“For the last decade, Ed Lee did an abysmal job as the person in charge of San Francisco’s infrastructure,” said City Attorney Dennis Herrera. “The Budget Analyst’s audit proved it in 2007; the streets survey proved it again two weeks ago, and the new Government Barometer proves it once again. Ed Lee’s record of failure is why most city streets are dirtier than ever, and in desperate need of major repairs. Now, San Franciscans need to pass a quarter-billion dollars for a streets bond, to finally accomplish what Ed Lee didn’t.”

Lee was DPW director from 2000 to 2005, and until January of this year served as City Administrator, a role whose major duties under the City Charter include coordinating capital improvement and construction projects, and appointing and removing DPW directors. As such, Lee is more responsible for the current state of San Francisco’s infrastructure than any other city official. Lee’s decade-long record contrasts starkly with his new campaign promise to be an “infrastructure mayor” who will fix San Francisco’s “roads, schools and parks.”

On October 6, 2011, the San Francisco Controller’s Office published its final report of the biennial City Survey for 2011[2], which found that:

* San Francisco had the lowest satisfaction rate with the quality of its infrastructure among five benchmark cities to which it was compared: Boston, New York, Oakland, San Jose, and Seattle.

* Overall satisfaction with San Francisco city streets, sidewalks, and infrastructure rated a woeful 31 percent, according to the survey — far below other cities. In fact, San Francisco’s rating for infrastructure was also lower than both statewide and national averages.

* San Franciscans were least satisfied with the condition of pavement citywide, with nearly 44 percent of residents grading city performance “poor/failing,” and another 38 percent describing it as merely “average.” Only 18 percent rated infrastructure “good” or better.

The new Government Barometer and streets survey from two weeks ago come as San Franciscans begin voting on a proposed $248 million bond for road repaving and street safety.[3] The nearly one-quarter-billion-dollars in new bonded indebtedness is required, according to proponents, because half of San Francisco’s 850 miles of streets — together with public structures that include bridges, tunnels, and stairways — need major repairs and upgrades.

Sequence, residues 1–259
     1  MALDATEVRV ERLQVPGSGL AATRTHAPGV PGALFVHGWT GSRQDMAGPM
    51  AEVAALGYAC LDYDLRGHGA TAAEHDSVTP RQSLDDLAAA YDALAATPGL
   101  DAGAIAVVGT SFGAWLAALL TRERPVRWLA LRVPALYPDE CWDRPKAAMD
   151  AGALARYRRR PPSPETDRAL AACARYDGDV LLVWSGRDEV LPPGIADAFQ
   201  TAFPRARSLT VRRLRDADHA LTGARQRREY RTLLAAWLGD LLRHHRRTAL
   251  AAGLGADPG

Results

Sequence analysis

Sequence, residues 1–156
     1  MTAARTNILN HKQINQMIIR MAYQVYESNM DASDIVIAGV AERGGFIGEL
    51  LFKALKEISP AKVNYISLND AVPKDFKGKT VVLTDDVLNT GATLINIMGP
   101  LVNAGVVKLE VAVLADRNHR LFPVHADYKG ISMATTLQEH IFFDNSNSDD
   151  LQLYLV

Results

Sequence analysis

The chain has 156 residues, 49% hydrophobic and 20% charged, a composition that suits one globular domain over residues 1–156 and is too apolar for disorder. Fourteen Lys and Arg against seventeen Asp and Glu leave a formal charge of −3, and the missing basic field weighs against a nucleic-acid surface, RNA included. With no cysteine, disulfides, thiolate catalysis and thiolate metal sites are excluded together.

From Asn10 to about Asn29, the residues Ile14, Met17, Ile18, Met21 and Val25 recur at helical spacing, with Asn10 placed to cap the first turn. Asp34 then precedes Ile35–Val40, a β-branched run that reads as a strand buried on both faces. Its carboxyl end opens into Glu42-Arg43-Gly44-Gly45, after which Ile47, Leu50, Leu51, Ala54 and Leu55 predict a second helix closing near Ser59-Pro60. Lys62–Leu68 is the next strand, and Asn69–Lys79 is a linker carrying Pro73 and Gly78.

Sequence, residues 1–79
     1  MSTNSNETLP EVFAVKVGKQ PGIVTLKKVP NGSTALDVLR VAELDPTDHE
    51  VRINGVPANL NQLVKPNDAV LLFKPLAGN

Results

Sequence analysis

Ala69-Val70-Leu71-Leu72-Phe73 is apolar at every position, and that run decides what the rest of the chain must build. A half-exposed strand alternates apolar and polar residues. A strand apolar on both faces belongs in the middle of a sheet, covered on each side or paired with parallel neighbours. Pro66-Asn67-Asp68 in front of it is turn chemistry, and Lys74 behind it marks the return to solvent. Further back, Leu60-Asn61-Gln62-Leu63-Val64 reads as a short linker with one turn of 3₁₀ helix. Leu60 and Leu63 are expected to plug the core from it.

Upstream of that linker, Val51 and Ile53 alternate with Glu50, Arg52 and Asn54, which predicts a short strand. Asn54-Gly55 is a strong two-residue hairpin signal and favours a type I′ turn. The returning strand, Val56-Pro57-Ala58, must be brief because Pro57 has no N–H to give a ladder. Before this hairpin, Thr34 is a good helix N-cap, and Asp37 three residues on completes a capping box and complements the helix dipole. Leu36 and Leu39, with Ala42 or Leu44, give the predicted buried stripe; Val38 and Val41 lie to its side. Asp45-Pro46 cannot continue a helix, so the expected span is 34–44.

Both the Government Barometer and streets survey also mirror a devastating independent audit of DPW that the Board of Supervisors commissioned in May 2005, while Lee was DPW chief. Even before Budget Analyst Harvey Rose’s final 269-page DPW Management Audit[4] was published in January 9, 2007, then-DPW Chief Fred Abadi responded that he “came to DPW after your audit had begun,” and that the report’s 120 recommendations “will prove useful to me as I continue to reengineer parts of the Department.” Abadi agreed and accepted all but three of the Budget Analyst’s 120 recommendations.

Among major findings of the performance audit’s of DPW under Ed Lee:

* DPW’s overall mismanagement, inefficiency and uncollected revenue combined to waste more than $5 million in taxpayer funds.

* DPW-led projects were routinely mismanaged, over-budget, and late — and city street repair projects were late by a shocking 172 days, on average.

* DPW failed to routinely track average project labor costs or productivity to ensure that Street Resurfacing and Pothole Repair Projects were completed efficiently

* DPW could not demonstrate that tax dollars being spent for street repair and maintenance (despite an amount that increased during Lee’s tenure) were spent appropriately.

* DPW allowed more than $1 million in litter fines to go uncollected.

* None of DPW’s eight bureaus fully measured performance to ensure that the bureau achieved the best possible outcomes.

* And DPW inspectors did not conduct routine inspections of streets to identify safety hazards.”

The San Francisco Bay Area Joins Statewide Opposition to Proposed Water Bond

Wednesday, August 13th, 2008

California Senator Dianne Feinstein says it’s time for California lawmakers to put a water bond on the November ballot, but outfits like Clean Water Action and the Calfornia Coastkeeper Alliance rallied yesterday in opposition:

“Conservation and fishing groups representing over 180,000 Californians, including the California Coastkeeper Alliance, submitted a petitionto Governor Schwarzenegger and Senator Feinstein today and rallied at events throughout the state, calling for an end to the proposed $9.3 billion water bond, which is based heavily on ineffective and environmentally destructive dams.”

San Francisco Supervisor Tom Ammiano says he doesn’t want to start his term in the Assembly, “telling mothers that their local school district is closing  so we can build a dam.” Fair enough.

CoastKeeper Alliance Executive Director Linda Sheehan and daughter Madeleine on the steps of City Hall yesterday:

 img_0831-copy.jpg

Dianne’s point of view is expressed here. Of course, the whole thing is a little complex.

There’s still time this week to work out a compromise, it looks like.

Let’s hope.